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Looking for Ph.D Programs


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Good day everyone.


I am a 28-year-old Finnish citizen, and I hope to start working on a Ph. D. degree at some point.


I am currently doing my (second) M.A. degree at the Institute for Cultural Diplomacy in Berlin, Germany. I already hold a master’s degree in East Asian (Chinese) studies, with minors in political history and political science from the University of Helsinki, Finland. To date I have also spent some three years studying and working in China.


Now even though I have plenty of ideas in my head, I haven't yet written a dissertation proposal of any kind. However, I can say with almost certainty that I'd like to combine (at least some of) the following elements to my work:
- Contemporary Chinese political history.
- History politics / political use of history. 
- Cultural diplomacy / soft power issues.


Now I posted this very same message in the "humanities->history" as well as "social sciences->political science" forums as I feel my area(s) of interest lies somewhere in between the two disciplines and thus I feel that I am having some trouble finding the "right" place(s) to apply for. On one hand it seems that most departments in East Asian/Chinese studies are focusing heavily on pre-modern culture, literature and language. On the other hand, departments in political science and contemporary history (I am not even sure if in the States there are departments dedicated to what we call contemporary/political history or Zeitgeschichte here) seem to put their emphasis on European and American affairs and I am not sure how they would feel about my aspiration to include the China perspective and the historical dimension to my research.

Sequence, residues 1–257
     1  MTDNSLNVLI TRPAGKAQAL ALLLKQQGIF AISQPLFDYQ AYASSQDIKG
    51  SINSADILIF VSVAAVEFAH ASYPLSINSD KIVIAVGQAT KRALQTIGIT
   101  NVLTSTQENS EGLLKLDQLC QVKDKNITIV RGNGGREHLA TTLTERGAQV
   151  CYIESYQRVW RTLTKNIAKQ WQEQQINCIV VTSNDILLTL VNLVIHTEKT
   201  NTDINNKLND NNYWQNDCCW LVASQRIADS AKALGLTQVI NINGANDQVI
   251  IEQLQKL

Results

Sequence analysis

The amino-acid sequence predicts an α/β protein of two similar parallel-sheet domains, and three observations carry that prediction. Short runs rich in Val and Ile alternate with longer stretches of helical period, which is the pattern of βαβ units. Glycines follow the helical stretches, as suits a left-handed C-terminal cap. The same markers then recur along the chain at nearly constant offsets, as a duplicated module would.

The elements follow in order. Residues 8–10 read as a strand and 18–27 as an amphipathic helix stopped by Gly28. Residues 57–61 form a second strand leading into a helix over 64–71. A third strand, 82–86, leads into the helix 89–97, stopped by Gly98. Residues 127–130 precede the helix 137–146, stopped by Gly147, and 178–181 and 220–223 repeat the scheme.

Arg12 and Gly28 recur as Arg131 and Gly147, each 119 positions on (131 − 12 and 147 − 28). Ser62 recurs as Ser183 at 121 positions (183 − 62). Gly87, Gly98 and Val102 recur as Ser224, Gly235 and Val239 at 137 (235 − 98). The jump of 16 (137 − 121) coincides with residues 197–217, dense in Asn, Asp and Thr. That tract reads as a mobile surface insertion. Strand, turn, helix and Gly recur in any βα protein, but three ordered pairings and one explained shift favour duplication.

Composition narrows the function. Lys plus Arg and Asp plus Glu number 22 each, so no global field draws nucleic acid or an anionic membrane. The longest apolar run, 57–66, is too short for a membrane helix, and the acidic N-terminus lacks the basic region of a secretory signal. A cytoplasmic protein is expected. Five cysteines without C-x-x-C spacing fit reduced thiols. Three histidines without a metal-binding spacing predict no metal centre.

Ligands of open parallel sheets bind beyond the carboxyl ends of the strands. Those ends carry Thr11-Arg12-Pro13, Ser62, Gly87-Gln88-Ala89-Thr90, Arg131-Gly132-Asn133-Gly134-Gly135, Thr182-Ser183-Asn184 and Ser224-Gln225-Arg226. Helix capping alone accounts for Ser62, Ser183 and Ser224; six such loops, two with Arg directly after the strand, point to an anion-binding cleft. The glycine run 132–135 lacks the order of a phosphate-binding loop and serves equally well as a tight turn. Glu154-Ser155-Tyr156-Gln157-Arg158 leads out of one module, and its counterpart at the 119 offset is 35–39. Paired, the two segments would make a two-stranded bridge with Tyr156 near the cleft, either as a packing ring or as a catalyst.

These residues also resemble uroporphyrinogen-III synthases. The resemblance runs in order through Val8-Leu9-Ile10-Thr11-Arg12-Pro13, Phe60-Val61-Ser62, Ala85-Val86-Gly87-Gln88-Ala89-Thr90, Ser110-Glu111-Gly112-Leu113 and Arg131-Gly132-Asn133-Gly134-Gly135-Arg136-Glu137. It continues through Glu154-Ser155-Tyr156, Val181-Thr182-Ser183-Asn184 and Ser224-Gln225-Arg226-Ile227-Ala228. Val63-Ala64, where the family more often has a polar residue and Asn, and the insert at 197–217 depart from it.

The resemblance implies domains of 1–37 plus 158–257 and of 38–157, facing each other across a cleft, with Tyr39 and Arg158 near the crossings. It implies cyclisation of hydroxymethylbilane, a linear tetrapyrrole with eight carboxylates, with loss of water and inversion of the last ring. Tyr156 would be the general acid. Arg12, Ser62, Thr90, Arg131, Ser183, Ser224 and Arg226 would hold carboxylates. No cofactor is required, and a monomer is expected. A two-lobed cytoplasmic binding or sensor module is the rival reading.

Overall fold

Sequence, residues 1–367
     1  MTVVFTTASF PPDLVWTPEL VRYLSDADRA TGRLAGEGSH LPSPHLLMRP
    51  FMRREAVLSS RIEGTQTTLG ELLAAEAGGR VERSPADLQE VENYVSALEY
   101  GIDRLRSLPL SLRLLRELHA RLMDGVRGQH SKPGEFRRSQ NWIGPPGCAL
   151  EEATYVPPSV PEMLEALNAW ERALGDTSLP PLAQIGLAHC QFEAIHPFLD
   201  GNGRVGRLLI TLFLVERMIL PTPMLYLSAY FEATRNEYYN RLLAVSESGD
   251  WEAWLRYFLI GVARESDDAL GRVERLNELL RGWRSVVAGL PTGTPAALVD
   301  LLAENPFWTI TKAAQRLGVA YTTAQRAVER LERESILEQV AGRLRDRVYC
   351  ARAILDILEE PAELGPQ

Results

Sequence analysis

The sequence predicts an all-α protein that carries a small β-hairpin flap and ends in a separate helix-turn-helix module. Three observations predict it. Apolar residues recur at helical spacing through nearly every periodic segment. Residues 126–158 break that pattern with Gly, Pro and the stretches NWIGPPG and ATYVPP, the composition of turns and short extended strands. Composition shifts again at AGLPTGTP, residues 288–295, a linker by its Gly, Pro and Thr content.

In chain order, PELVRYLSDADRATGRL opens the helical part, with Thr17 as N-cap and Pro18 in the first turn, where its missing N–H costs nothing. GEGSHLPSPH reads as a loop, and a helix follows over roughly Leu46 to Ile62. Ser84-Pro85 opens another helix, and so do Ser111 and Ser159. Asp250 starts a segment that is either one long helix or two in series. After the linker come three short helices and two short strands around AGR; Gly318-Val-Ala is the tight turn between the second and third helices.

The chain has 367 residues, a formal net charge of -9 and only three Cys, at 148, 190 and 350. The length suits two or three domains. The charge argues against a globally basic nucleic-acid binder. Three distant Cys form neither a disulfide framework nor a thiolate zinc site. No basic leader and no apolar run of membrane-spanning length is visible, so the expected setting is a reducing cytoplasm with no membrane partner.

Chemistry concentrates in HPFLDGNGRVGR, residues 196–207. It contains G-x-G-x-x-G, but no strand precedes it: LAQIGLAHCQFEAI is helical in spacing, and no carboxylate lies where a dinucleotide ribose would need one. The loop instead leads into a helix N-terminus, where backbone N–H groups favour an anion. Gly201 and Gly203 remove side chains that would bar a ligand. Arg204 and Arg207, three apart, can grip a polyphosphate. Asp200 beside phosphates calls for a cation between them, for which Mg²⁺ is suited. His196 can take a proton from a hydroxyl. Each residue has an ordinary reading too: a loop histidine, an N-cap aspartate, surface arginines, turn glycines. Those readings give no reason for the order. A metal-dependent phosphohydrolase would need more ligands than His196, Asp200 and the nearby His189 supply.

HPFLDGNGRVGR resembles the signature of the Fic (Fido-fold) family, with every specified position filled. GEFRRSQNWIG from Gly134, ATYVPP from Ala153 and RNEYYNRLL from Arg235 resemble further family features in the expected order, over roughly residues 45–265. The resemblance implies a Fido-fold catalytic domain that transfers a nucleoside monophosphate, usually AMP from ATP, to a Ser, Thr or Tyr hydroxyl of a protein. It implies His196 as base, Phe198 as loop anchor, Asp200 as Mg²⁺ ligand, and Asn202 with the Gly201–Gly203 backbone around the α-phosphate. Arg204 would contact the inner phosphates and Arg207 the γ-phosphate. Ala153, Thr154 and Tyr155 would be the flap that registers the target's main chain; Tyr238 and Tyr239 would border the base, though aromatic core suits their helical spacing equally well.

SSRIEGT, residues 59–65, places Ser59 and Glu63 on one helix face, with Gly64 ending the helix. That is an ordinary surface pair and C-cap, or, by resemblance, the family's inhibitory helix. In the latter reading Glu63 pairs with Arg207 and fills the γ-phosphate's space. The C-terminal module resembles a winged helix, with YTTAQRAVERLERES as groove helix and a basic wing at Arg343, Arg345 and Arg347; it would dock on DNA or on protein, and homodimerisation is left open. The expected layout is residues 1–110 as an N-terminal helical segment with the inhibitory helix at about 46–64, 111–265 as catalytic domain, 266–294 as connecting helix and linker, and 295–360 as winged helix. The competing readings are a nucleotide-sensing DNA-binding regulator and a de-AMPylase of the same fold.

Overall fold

Does anyone have any recommendations? Who should I contact? What university/faculty/department should I look into? 


Thanks in advance,


Edited by defektor
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University of Virginia comes to ind as I've just read a book on Sino-Japanese politics by a Chinese diplomatic historian who did her PhD there.  She had an excellent dissertation committee.

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I suspect you'll find many people in political science/government/Sociology departments, or even law schools, who might be willing to direct such a project, but history professors may balk at the "contemporary" nature of your interests.  People to look at would include Roderick Macfarquhar (Harvard), Elizabeth Perry (Harvard), Susan Shirk (UCSD), Kevin O'Brien (UCB), James Tong (UCLA), Pierre Landry (Pitt), Deborah Davis (Yale), Tom Christensen (Princeton), etc., but none of these people are "historians" in the strict sense, with the possible exceptions of Macfarquhar and Perry, who are both close to retirement and may not be taking students.  Faculty in history departments seem to stop their advising range at the early PRC--that doesn't necessarily stop students from applying and then switching to a more contemporary focus later on, but I suspect you'll have a hard time getting in if you state your interests clearly from the outset.

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